Republican National Committee Chairman Reince Priebus added his name to a growing list of prominent GOP voices telling Missouri GOP Senate candidate Rep. Todd Akin to leave the race against Democratic incumbent Sen. Claire McCaskill.
The uproar comes after Akin suggested Sunday that “legitimate rape” rarely results in pregnancy while responding to questions from a St. Louis television station about his opposition to abortions in cases of rape and incest.
“It was a moment of stupidity, that’s for sure, ” Priebus said in a brief interview in Tampa, where he is preparing for the start of the Republican National Convention, according to the Washington Post. ”He’s got to get on it. He’s got to think about it (withdrawing from the race).”
But Akin has stayed defiant, telling former Arkansas Gov. Mike Huckabee and Sean Hannity Monday that he’s not going anywhere.
This is despite reports from an unnamed GOP source who told BuzzFeed’s Ben Smith that Akin is taking steps to withdraw by tomorrow’s 5 p.m. deadline for dropping out.
“I’m announcing today that we’re going to stay in," Akin said on the Sean Hannity Show, repeating what he had said hours earlier on Huckabee’s radio program.
“I’m not a quitter,” Akin told Huckabee on his radio show, echoing Richard Nixon’s famous line. “We all make mistakes.
“The many people who supported me know that when you make a mistake what you need to do is say you're sorry.”
Akin said he has not, however, received any calls from GOP party leaders to step down and called his comment “a very, very serious error.”
Priebus became the latest senior Republican leader to tell Akin to go after Sen. John Cornyn, R-Texas, who heads the National Republican Senatorial Committee, warned Akin that he will not fund the race if he stays in because he could jeopardize GOP chances to retake the Senate in November.
Cornyn’s warning followed on the heels of condemnations from Republicans and Democrats alike, including Mitt Romney and Sens. Scott Brown (R-Mass.) and Ron Johnson (R-Wisc.) – the latter of whom also demanded that Akin step aside.
Hannity added his voice to the chorus calling Akin to step aside during the interview, adding that the election is bigger than one man.
Romney condemned his radioactive comments during a Sunday interview.
“Congressman’s Akin comments on rape are insulting, inexcusable, and, frankly, wrong,” Romney told National Review Online. “Like millions of other Americans, we found them to be offensive.”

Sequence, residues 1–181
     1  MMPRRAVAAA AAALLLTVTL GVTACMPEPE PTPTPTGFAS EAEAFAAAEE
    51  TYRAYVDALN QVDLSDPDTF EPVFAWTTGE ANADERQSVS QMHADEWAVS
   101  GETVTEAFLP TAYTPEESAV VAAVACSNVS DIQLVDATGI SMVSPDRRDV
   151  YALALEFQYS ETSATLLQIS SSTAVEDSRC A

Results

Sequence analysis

According to The Hill, the Romney-Ryan campaign separately issued comments condemning Akin’s statements and clarified Romney’s stance on abortions in cases of rape. It noted that a Romney-Ryan administration would not oppose abortion in cases of rape, contrary to claims to the contrary by the Obama campaign.
His most recent remaks follow a statement he issued Sunday apologizing for having “misspoke” in the interview, which clarified his stance. He emphasized that he empathizes with the thousands of women who are raped each year and that a baby conceived through a rape is “another innocent victim” who should not be harmed.
Conservative blogger Dana Loesch – who is a native Missourian – took to Twitter Sunday to urge people not to overreact to Akin’s comments.
But Democrats are trying to make hay out of Akin’s statement.
Democratic National Committee Chairwoman Rep. Debbie Wasserman Schultz sought to make it seem that Akin’s remark reflected a deeper view about how Republicans see women in a fundraising e-mail sent out early Monday morning.
“Now, Akin's choice of words isn't the real issue here,” Wasserman Schultz wrote. “The real issue is a Republican party -- led by Mitt Romney and Paul Ryan -- whose policies on women and their health are dangerously wrong.”
Wasserman Schultz sought to tied Ryan to Akin’s comment, suggesting “Congressman Ryan has already partnered with Akin on a whole host of issues that restrict women’s ability to make their own health care decisions.”
She also claimed that Ryan had co-sponsored legislation that would have narrowed the federal definition of rape.
McCaskill called Akin’s remark “a gut-check moment when they realize this is not somebody we want speaking for us on the floor of the United States Senate."